Stress Medicine – Some Common Medications for Stress and Other Mental Health Conditions


Because stress can readily lead to anxiety and depression, any stress medicine is really treating some form of anxiety or depression. This is when stress has reached the point of interfering with your life in some way.

You may not even realize that your stress has progressed to something more serious. Stress and hectic lifestyles are very common in our society. Unfortunately this means many people ignore the warning signs that stress is evolving into the next stage. Be sure to know the signs and symptoms of depression and anxiety disorders. Stress medicine (this isn’t a medical term; just a simple reference within this article) is one of the best forms of treatment for these mental health conditions.

There are four major categories of medications for psychiatric symptoms; two of which correlate closely to stress: Antidepressants (covered in another article with a very similar title) and anti-anxiety medications. The remaining two categories will only be touched on.

Anti-anxiety and sedative medications: These help reduce anxiety and feeling overly stimulated. Some of these meds also help people sleep.

These particular meds are unique because they take only one or two hours to take effect. Also be aware some of them can be addictive and long-term use should generally be avoided. As always, work closely with your doctor.

They generally fall into a class of drug called “beta-blockers” or “benzodiazepines.” The beta-blockers are best for people with event-related anxiety. For example: extreme stage fright. They block the physical symptoms (rapid heart rate, sweating, tightness in the chest) without affective mental function.

Inderal is one of the more common beta-blockers. Side effects include weakness and cold hands and feet.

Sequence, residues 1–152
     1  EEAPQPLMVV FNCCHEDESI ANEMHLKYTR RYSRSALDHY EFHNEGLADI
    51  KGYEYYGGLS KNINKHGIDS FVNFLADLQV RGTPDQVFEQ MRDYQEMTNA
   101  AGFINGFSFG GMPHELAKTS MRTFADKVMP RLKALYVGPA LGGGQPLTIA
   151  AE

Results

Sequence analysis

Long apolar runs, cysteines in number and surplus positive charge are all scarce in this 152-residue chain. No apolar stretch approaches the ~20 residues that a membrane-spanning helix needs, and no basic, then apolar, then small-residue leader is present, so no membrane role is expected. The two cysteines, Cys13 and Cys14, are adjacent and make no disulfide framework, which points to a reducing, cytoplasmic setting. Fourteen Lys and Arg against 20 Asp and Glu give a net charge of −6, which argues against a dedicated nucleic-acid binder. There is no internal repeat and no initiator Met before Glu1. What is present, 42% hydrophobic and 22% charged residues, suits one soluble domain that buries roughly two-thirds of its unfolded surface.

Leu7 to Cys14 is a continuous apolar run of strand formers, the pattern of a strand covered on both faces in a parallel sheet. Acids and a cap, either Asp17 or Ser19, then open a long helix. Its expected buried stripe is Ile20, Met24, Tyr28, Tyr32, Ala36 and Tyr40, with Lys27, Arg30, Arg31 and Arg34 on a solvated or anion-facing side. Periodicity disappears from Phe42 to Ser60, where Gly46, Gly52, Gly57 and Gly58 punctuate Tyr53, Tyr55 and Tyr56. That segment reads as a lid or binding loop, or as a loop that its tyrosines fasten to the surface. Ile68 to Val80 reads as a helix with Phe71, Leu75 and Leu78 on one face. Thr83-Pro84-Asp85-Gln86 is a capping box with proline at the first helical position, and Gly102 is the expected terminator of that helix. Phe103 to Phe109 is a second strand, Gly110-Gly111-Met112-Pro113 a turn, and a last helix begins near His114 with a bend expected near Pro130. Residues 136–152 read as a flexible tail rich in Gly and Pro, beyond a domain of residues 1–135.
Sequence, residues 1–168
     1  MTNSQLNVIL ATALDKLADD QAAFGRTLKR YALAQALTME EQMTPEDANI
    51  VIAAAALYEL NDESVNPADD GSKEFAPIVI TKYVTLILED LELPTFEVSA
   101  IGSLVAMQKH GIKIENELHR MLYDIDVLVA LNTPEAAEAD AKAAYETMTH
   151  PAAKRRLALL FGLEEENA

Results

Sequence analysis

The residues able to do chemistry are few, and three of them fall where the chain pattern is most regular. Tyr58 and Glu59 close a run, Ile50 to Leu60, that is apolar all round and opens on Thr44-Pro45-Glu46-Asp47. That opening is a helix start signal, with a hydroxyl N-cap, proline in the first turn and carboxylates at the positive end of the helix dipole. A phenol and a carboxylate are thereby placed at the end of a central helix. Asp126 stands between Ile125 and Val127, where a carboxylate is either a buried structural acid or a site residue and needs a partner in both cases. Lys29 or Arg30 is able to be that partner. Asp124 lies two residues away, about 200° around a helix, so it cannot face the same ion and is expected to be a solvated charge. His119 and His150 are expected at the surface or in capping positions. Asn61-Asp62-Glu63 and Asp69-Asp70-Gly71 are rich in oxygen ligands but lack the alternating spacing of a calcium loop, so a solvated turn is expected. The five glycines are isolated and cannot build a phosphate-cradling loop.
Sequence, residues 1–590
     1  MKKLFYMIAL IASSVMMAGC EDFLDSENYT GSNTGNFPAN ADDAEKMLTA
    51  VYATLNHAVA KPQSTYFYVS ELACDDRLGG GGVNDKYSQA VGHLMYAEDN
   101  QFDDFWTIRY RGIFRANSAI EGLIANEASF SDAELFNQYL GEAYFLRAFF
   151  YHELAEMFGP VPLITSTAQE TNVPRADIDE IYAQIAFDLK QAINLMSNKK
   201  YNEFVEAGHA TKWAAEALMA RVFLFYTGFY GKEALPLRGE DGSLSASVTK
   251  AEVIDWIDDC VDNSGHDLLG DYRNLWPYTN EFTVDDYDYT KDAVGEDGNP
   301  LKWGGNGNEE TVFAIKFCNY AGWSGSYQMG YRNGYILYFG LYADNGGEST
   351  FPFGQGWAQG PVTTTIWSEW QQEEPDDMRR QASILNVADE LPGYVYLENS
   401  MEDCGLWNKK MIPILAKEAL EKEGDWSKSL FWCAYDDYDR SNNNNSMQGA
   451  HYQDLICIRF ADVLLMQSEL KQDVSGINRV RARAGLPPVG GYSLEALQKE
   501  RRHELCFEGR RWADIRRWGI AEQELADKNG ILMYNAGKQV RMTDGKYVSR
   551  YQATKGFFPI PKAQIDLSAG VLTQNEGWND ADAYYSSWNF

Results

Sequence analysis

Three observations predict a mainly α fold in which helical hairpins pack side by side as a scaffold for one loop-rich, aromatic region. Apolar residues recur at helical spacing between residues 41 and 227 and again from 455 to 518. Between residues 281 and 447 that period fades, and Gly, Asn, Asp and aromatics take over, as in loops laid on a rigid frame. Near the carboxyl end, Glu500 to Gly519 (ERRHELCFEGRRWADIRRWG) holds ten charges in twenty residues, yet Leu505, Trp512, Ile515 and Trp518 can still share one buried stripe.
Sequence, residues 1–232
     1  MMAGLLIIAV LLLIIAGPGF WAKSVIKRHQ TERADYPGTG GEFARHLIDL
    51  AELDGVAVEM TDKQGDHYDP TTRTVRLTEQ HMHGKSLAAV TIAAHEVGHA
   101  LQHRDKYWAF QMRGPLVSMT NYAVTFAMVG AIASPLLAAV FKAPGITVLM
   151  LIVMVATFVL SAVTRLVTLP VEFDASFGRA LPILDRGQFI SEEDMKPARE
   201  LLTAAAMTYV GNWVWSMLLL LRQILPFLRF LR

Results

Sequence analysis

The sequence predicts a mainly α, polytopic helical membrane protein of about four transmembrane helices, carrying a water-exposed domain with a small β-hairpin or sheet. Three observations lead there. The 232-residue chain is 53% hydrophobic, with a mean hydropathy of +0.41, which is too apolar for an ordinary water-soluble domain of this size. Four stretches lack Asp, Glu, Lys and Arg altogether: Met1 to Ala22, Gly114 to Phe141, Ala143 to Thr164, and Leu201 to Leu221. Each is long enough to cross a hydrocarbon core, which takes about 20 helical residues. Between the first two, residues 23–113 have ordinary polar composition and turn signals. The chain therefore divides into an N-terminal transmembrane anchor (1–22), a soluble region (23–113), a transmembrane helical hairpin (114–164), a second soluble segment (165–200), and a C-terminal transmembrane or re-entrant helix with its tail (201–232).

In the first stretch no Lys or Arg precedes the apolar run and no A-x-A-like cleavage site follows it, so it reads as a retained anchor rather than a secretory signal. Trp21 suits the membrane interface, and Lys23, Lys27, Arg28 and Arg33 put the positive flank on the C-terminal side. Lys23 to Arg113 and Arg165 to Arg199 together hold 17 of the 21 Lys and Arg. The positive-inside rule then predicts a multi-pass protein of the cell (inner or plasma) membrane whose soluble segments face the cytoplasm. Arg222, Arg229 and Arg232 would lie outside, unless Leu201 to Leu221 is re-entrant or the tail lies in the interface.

Benzodiazepines act as sedatives on the nervous system. Some of the more common ones are Ativan, Benadryl, Buspar, Centrax, Klonopin, Noctec, Restoril, Serax, Valium, and Xanax. Again, not everyone experiences side effects but they include: over-sedation, fatigue, and problems with memory or other cognitive abilities.

The other two categories: Just so you know what they’re called, the other two major categories are “anti-psychotic medications” and “mood stabilizers.” The anti-psychotic medications are designed to reduce symptoms of psychosis. This includes false perceptions (hallucinations), false beliefs (delusions), and confused thinking (thought disorders). Mood stabilizing medications help treat mood extremes. These include mania and depression.

There are many types of stress medicines available to combat stress and the depression or anxiety it may cause. Discuss your condition thoroughly with your physician. Share your symptoms and any other medications you may be taking. It generally takes time to find the best drug and dosage for you. There’s some trial and error involved.

Ask plenty of questions so you understand how the medication may affect your health. They all have potential side effects and some are serious. Again, keep in close contact with your doctor.

And any successful treatment program includes many actions you can take on your own. These activities include self help programs, exercising, maintaining a healthy diet, and avoiding stressful environments. Chosen correctly and when used correctly stress medicine can have a wonderful impact on your quality of life.

Source by Melinda Grossman


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